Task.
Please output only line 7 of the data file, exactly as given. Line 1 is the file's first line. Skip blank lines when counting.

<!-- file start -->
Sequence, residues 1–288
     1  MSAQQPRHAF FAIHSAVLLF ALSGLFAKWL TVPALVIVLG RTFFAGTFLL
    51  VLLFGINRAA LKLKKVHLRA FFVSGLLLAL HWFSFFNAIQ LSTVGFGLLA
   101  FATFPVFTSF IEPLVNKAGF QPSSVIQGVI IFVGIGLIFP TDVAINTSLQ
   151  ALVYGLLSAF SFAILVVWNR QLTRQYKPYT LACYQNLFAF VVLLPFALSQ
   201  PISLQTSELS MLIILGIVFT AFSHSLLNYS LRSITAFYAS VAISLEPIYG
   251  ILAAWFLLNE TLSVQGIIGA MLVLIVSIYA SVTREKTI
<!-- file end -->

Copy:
   251  ILAAWFLLNE TLSVQGIIGA MLVLIVSIYA SVTREKTI